Every business needs a strong ability to deal with the price question from the market.
The steps below can be followed to check and improve this ability for your business:
- Set up a measurement that will tell you, over time, what’s actually happened with respect to price:
- The number and percentage of sales lost due to price;
- Which other business you lost the deals to (if known);
- The number and percentage of sales made where price was ‘reduced’ (according to your own definition of ‘reduced’);
- The reason each reduced priced sale occurred.
- List the business(es) to whom you are losing sales because of the price. Determine whether there is anything you can or should do in future about these losses, e.g. better inform potential customers that your product is superior.
- Check whether the internal belief is that your product represents good value to the purchaser. If this is not the case then you will of course be losing sales to competitors because the potential customers will sense that from your people. Internal education on the value of the product or improving the product offering may be necessary.
- Following on from the previous point, check whether people in your business actually purchase and use the product(s) you market. If this is not the case, and there is no good reason for it not to be the case, then find out why they don’t (doing so respectfully, of course).
- If you are satisfied that your products represent good value and that is reflected in the belief of your own people, then the ability of your people to communicate that to potential customers must be tested. This should be done by observation, mystery shopping reports, marketplace feedback and self analysis. Experiential development of people’s skills to deal with price must be undertaken where weaker spots are identified, meaning improvement through coaching and of how people are actually handling the price issue. Sure, training in theoretical situations can help but real world observation, pairing and coaching is way more powerful and faster in generating improvement.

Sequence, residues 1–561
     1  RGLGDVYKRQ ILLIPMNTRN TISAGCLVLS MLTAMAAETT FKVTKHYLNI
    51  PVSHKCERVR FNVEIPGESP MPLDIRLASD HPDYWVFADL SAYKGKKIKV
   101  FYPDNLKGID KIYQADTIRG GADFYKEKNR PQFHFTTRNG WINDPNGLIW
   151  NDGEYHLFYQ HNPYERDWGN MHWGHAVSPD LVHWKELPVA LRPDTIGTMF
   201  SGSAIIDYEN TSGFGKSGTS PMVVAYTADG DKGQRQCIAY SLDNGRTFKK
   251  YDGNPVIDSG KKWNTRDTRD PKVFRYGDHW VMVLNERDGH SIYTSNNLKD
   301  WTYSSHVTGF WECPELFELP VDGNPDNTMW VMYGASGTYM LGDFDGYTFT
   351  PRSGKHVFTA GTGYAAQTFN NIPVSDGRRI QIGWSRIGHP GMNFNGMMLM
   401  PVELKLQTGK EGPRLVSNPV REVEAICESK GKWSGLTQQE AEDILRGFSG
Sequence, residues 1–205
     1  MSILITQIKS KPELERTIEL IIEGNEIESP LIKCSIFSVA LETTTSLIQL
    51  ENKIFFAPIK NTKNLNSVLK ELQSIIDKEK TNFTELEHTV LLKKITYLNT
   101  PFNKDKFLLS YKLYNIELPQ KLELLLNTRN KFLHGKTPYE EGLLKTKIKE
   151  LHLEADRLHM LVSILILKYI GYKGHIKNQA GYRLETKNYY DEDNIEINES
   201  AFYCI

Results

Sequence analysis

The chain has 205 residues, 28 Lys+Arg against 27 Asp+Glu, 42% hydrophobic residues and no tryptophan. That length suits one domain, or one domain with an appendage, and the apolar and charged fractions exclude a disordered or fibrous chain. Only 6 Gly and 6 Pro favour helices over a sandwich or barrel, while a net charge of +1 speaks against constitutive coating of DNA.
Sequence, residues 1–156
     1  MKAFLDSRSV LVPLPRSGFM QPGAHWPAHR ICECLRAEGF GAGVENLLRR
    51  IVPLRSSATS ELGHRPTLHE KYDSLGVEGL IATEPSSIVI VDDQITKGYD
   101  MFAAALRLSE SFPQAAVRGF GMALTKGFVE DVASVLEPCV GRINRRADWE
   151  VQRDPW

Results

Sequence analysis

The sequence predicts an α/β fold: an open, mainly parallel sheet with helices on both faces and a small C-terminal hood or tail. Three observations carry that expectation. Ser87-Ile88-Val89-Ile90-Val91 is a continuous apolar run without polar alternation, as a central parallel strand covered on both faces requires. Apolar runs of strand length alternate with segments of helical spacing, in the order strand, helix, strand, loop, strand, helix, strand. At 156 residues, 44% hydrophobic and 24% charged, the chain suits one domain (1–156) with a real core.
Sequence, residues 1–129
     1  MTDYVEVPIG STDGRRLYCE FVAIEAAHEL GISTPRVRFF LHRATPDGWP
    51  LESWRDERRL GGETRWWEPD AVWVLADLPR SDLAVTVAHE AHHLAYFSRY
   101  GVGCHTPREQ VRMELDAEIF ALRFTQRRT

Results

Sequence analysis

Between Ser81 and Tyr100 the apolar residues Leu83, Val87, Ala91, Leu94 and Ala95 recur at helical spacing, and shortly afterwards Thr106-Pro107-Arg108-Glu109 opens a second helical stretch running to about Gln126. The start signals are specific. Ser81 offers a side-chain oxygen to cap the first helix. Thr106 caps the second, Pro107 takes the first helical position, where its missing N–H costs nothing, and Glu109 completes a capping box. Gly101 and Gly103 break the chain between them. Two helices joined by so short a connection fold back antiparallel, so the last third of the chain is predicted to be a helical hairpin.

- Have all staff who have to deal with the price issue select four purchases they have made recently (say over $100) and ask them to state whether they bought the cheapest priced option on the market (e.g. clothes, phone, laptop, jewellery, food, etc.). The answer will be No for most, if not all, of their purchases. Then ask them why they chose a higher priced product than they could have. Their answers will reflect one of two things: the higher priced product represented better value or it more closely met their needs. Either way, they won’t have chosen the product based solely on price. This is an important message for them all to understand, to be able to communicate the same thing to potential purchasers.
- Ensure that you have correctly identified everyone within your business who has to deal with the price issue, not just the frontline people. They must all be included in pricing capability.
- Calculate the price of your product(s) per use, per year or per something else that is meaningful for the consumer. For example, $0.55 per km for a car that costs $55,000 and is used for 100,000 kms, $21.83 per month for a watch that costs $750 and is used for 3 years, $0.78 per hour for a laptop that costs $2,000 and is used for 10 hours per week for 3 years. These calculations heighten the value / use side of the product rather than just the price.
- Ask everyone internally why the business does what it does. If the answer is not clear and powerful you can expect a price problem.
- Ask everyone internally what the business is selling. If the answer reflects the product rather than why the business does what it does you will have a price problem. Compare “We sell medications” to “We want to improve people’s health”. Which do you think will cause a price problem?
It would also be useful to read an associated article we will bring to you in our next newsletter …”Dealing With Price”
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